Trespassers v. Licensees v. Invitees in Premises Liability Cases
Generally, when you are injured on another individual’s or a business’s property due to the owner’s negligence, you have a right to hold the owner liable for damages by filing a claim or lawsuit. However, your relationship to the owner is a key factor in a premises liability case. Pennsylvania law categorizes people who enter others’ premises into one of three categories: trespassers, licensees, and invitees.
The owner’s duty of care to you and your rights to pursue damages depend heavily on which of these three designations you receive.
Below, we discuss how your classification as a trespasser, licensee, or invitee affects your premises liability case in Pennsylvania. For case-specific questions or for help collecting compensation for injuries, call a personal injury lawyer at Cordisco & Saile for free consultation: 215-440-6272.
Who does Pennsylvania law consider invitees?
An invitee is someone who enters public or private property for the financial benefit of the property owner. If you were on the property to conduct directly or indirectly business, shop, or for other purposes that potentially result in financial advantage for the owner, the law considers you an invitee.
Examples of invitees include:
- Shoppers at a store
- Patrons at a place of business
- People hired to do work on an owner’s premises, e.g., housepainters, plumbers, babysitter
- Delivery persons
- People entering property that is open to the public
- Hunters and fisherman who paid to use the land
What duty do owners have to invitees?
Property owners owe the highest duty of care to invitees. Owners must:
- Routinely inspect their premises for dangerous conditions
- Warn invitees of any known dangers
- Fix any hazards or otherwise exercise reasonable care to protect invitees against the danger
Who does the law consider a licensee?
A licensee is someone invited onto the premises by the property owner for a purpose other than financial gain. If the owner implicitly or explicitly invited you onto the premises as a social guest or if you were visiting the premises for other lawful, non-business-related reasons, you are likely a licensee. Examples of licensees include:
- Friends and family
- Neighbors dropping by
- Unsolicited door-to-door salesman
- Religious missionaries
Note: Visitors who the owner did not technically invite onto the premises may still be licensees if the owner did not post “no trespassing” signs.
“In Pennsylvania, failure to post no hunting or no trespassing signs along the boundaries of privately owned property is considered implied permission for anyone to enter the property for hunting and fishing activities and these land entrants are considered licensees and protected as such,” explains Pennsylvania State University.
What duty do owners have to licensees?
Property owners have a slightly lesser duty to licensees than to invitees. The owner has a duty to warn licensees of known dangers that the owner is aware of and knows that licensees are unlikely to discover on their own. However, owners do not have a duty towards licenses to inspect the premises for dangerous conditions or to address/repair the hazards.
As a licensee, you can hold the owner liable if you can prove that 1) the owner knew about hazard, 2) did not warn you about it, and 3) you were unaware of the presence of the dangerous condition.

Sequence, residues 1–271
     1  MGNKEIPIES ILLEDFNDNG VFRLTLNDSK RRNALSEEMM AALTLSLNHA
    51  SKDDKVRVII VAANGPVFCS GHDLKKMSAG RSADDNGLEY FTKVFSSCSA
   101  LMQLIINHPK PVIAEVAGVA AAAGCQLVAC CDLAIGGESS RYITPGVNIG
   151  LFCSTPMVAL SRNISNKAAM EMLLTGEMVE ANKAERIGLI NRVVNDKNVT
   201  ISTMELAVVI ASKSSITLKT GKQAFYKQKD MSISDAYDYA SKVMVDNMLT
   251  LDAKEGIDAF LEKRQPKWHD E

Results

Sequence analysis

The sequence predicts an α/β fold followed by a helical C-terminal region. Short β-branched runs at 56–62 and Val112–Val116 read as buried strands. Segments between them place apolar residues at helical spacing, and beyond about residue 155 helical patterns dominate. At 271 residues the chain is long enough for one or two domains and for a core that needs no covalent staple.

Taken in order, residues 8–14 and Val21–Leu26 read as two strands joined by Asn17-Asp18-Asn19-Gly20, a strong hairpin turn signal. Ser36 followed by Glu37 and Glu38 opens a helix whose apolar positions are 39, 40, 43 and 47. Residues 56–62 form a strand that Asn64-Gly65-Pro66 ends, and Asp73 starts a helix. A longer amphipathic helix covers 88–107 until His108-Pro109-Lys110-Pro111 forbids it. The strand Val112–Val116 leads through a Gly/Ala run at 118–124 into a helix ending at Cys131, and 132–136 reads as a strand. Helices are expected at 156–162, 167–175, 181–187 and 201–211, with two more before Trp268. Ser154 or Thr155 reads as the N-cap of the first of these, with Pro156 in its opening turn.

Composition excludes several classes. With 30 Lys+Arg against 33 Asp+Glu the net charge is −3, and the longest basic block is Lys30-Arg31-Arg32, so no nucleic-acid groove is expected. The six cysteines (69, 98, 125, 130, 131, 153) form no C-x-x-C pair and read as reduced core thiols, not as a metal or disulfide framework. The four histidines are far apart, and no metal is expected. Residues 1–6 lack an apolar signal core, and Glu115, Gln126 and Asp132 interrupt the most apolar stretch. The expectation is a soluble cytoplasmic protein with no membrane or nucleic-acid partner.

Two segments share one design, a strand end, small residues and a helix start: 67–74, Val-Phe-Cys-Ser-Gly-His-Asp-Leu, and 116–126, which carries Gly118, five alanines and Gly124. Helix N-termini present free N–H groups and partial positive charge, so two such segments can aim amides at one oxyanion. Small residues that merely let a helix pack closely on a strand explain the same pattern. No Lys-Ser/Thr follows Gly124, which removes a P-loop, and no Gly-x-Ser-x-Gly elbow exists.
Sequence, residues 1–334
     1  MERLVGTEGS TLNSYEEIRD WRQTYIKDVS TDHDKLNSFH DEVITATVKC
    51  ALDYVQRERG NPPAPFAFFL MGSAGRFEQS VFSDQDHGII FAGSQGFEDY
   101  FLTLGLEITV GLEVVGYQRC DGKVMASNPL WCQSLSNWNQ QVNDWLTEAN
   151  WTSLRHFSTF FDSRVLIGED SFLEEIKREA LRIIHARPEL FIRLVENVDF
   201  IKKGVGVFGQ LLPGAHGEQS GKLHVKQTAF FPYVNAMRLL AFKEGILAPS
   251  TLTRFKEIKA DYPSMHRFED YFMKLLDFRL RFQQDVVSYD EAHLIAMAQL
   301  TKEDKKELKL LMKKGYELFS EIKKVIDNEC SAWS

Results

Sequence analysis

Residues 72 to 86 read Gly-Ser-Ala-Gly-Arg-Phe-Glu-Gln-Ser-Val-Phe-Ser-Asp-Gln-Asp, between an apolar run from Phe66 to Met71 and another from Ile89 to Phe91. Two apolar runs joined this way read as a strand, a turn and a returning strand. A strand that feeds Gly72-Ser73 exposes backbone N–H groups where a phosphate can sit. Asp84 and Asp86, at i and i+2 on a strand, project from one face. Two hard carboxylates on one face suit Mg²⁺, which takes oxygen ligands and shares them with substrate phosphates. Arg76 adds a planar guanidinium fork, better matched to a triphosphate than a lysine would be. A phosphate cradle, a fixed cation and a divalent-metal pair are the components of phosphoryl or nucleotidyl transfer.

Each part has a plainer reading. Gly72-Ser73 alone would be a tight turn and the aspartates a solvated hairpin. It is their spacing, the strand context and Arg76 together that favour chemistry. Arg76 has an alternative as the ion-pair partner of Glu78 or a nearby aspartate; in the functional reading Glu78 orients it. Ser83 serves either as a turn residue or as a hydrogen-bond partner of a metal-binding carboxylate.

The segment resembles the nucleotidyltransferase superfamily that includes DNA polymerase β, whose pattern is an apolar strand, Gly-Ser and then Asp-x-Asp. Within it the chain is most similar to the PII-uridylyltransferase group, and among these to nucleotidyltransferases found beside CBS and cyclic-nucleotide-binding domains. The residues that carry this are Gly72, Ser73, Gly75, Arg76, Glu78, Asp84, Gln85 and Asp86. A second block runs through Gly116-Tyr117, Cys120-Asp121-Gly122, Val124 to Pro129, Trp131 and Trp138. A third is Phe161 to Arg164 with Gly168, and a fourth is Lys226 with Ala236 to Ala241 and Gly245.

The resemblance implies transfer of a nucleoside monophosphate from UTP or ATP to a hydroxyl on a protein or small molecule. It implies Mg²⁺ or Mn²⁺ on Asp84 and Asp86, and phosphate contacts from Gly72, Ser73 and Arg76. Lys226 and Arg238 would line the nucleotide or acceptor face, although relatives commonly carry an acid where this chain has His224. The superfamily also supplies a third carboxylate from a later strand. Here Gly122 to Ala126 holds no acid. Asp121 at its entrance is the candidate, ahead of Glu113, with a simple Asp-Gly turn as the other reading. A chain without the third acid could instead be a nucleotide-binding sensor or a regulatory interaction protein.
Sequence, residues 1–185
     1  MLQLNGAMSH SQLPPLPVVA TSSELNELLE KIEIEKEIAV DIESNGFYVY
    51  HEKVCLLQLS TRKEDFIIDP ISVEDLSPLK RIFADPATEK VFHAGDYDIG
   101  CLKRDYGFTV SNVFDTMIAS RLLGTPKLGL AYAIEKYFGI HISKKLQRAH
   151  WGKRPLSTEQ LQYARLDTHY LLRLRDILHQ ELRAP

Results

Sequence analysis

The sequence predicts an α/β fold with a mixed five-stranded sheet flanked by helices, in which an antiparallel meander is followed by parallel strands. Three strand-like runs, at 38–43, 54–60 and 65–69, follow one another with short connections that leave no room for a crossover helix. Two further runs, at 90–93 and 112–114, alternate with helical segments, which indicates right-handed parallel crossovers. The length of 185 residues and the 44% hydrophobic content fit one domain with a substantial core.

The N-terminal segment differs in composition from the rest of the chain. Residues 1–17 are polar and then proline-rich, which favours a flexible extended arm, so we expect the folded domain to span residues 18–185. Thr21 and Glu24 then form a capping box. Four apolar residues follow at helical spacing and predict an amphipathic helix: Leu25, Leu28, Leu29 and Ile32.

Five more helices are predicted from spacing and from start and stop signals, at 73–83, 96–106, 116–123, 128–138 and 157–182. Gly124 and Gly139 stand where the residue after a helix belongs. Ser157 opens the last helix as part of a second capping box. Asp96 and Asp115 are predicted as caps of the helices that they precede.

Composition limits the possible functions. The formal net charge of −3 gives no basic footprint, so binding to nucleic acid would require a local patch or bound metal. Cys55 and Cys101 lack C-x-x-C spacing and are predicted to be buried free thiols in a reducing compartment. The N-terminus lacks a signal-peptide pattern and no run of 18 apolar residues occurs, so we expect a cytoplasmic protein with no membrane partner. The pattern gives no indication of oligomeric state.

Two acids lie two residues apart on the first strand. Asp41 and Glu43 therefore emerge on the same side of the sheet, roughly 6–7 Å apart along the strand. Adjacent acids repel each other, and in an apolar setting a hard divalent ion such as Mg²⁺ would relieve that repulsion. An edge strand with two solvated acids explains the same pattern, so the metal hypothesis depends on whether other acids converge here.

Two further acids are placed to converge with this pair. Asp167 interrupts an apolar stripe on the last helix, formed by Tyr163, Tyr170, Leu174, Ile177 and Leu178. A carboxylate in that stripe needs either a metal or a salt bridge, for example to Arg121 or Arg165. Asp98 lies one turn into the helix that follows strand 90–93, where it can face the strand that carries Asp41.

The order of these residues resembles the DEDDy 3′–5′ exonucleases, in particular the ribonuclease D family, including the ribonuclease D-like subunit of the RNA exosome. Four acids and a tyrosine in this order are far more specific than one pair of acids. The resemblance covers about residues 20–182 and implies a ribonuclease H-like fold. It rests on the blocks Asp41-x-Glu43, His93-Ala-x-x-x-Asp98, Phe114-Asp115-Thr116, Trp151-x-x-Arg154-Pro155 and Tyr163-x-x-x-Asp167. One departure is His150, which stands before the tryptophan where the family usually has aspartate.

Who is a trespasser under Pennsylvania law?
A trespasser, simply put, is someone who enters another’s premises without the owner’s consent. The Restatement of Torts (Second) defines a trespasser as “a person who enters or remains upon land in the possession of another without a privilege to do so created by the possessor’s consent or otherwise.”
Even if you were not aware of any wrongdoing and you did not cause any damage to the property, you may still be a trespasser if you intentionally entered the premises and did not have permission to do so. This is what makes filing a claim for injuries as a trespasser so difficult.
What duty do owners have to trespassers?
Property owners have very little duty of care to trespassers. In the 1998 case Rossino v. Kovacs, the Supreme Court of Pennsylvania detailed the elements involved in trespass designations. The court noted: “A trespasser may recover for injuries sustained on land only if the possessor of land was guilty of wanton or willful negligence or misconduct.”
Children present an exception this rule. Under the doctrine of attractive nuisance, owners have duty to make their premises reasonably safe for children that might be attracted to the premises. For example, if an owner has a swimming pool in a neighborhood with children, the owner should exercise care to protect kids from harm, e.g., putting up a fence.
In order to win a claim against an owner for injuries your child sustained on the property, you will need to show:
- The owner should have foreseen possible trespass by children.
- The owner knew or had reason to know about the danger.
- The child, by reason of age, was not be able to protect herself from the hazard.
- The owner failed to exercise reasonable care to eliminate the hazard or otherwise protect kids.
What is my first step to recover for my injuries on another’s premises?
If you were injured on another’s property, it is a good idea to run your case by a premises liability lawyer to determine the best plan of action. For legal counsel in Pennsylvania, consider Cordisco & Saile, LLC as your choice law firm. Call our office today at 215-440-6272 and see how we may be able to help you collect compensation for your injuries.